Fatal Pictures are an independent production company based in Toronto, Canada. The company was founded in 2007 by Richard Powell and Zach Green, who wanted to focus strongly on genre films.
To date they have been responsible for three short films: Consumption (2008), Worm (2010) and Familiar (2012), all of which have been praised by many critics as well as winning short film awards. You can read my own review of the fantastic Familiar here.
Richard Powell (left) and Zach Green (right)
RP: Fatal Pictures’ unofficial start was our meeting in film school. I had posted an ad for an editor and Zach replied. From then on we have been partners learning the craft and trying to make our way into the industry. A few years ago we officially formed Fatal Pictures and got to work on Consumption.
ZG: Well, what first caught my eye and interest was post-production (editing). That’s what I attended film school for and ended up meeting Richard Powell. Over the years of working together I naturally started producing our projects.
RP: Familiar is actually a companion film to my previous short film Worm. Although it operates on its own and tells a very different story, the film works better when viewed before or after Worm. The films enrich one another in a way that becomes clear after viewing both. The concept of blending drama and horror was another inspiration on this film. I feel the best horror films also work as dramas.
Official promo artwork for “Familiar”
ZG: Familiar premiered in Toronto via “Fangoria Fright Nights”. Familiar played before the extremely controversial Japanese film Battle Royale. After that the film went onto play roughly 30 International Genre Film Festivals across the world, picking up 3 awards thus far. Familiar is still currently on the Film Festival circuit so look out for it in 2013!
RP: Robert and I spent a lot of time discussing the character. We also had great rehearsals and most importantly a previous collaboration on Worm. I encouraged Robert to ask questions about the role and over time he came to understand the character as well as I do, and when that happens a character can come to life.
A behind the scenes photo of Robert Nolan in “Familiar”
RP: As the film operates as a drama for the first half I approached the darker elements with a bit more restraint. I wanted to make it clear real evil is quiet and insidious and operates best unnoticed. I find the betrayal of sacred trusts such as that of the family unit, very unnerving. In Worm it is the mentor/student relationship that is betrayed. I find these kinds of subtle attacks more disturbing as they signify a larger failure of societal constructs (family, career, law etc.) as opposed to the individual violence depicted in most horror. When it came to the films finale I wanted an over the top, cathartic release that purges the earlier tension in a fun, gory way. Doing the right thing is always more difficult and often times painful, in Familiar that couldn’t be truer.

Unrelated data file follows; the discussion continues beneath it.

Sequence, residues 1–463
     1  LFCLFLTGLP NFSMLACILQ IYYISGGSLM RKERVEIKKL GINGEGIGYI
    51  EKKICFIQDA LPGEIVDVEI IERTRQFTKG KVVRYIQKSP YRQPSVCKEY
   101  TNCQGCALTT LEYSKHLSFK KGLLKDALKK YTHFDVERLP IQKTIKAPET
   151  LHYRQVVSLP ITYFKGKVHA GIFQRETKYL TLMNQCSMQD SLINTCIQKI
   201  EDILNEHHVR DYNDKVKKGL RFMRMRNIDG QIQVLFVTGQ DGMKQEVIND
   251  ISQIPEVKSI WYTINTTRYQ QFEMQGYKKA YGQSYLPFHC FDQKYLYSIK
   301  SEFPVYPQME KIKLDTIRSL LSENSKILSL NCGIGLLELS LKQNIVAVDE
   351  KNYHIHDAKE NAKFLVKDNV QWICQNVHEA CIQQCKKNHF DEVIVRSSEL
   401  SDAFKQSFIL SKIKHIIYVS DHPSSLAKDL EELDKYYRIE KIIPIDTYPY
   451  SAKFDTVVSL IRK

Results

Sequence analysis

ZG: Familiar is very proud to be coming to “FEARnet” in (2013) via TV, VOD, & ONLINE, in The US this spring (2013). “FEARnet” is your #1 TV, VOD and web destination for horror, suspense and thriller programming. Available on TV and On Demand across the US,they serve up the best horror, thrills, and chills in entertainment. For more information please request “FEARnet” now 877-FEAR-247 or visit http://www.FEARnet.com
A promo poster for “Familiar”
ZG: I would urge everybody reading this to visit www.fatalpictures.com to find out where and when all the latest Familiar screenings are and/or press regarding Fatal Pictures. Also please follow us on Twitter @FatalPictures
ZG: I see myself producing Feature Films and developing new creative original dramatic genre films for the world to enjoy.
RP: I personally enjoyed all of the FX scenes. These were fun but also the most difficult to shoot. Seeing all of the weird and gory stuff I wrote come to life was incredible and a rare experience at that. I also love the writing stage of any film. It’s during the writing I get the most excited and charged up. After the writing is done its all logistics.
Behind the scenes of “Familiar” with Zach, Robert and Richard
RP: Ingmar Bergman, Roman Polanski, Micheal Haneke, Todd Solondz, David Cronenberg, John Houston, Alfred Hitchcock and Akira Kurosawa to name a few. These directors tell stories I especially respond to and find most interesting. I enjoy films that are deeply personal and intimate as much as larger scale, broad entertainment and these filmmakers span the spectrum.
RP: The Texas Chainsaw Massacre (1974), Seven Samurai’s, Winter Light, Cries and Whispers, There Will Be Blood, Rope, A Knife in Water, Goodfellas and many, many more, too many to name!
RP: At the moment it would be Phillip Seymour Hoffman. I appreciate his versatility and fearlessness and I feel he would fit perfectly into my own aesthetic of film-making. I prefer actors who look like real people, not models, as this lends to the audiences ability to relate in human way as opposed to watching a star. Movie stars are larger than their characters and character actors usually disappear into their roles. I feel Hoffman has a unique combination of the two.
Phillip Seymour Hoffman, Richard’s ideal actor
RP: Currently we are in the process of tracking down financing for our feature-length version of Worm. There are also talks of a new short to keep us busy until the feature happens. Aside from that it’s just lots of writing and promoting Familiar!
Thank you for taking the time to talk to us about your work. We wish you the best of luck with the distribution of Familiar, the feature-length version of Worm and any future projects!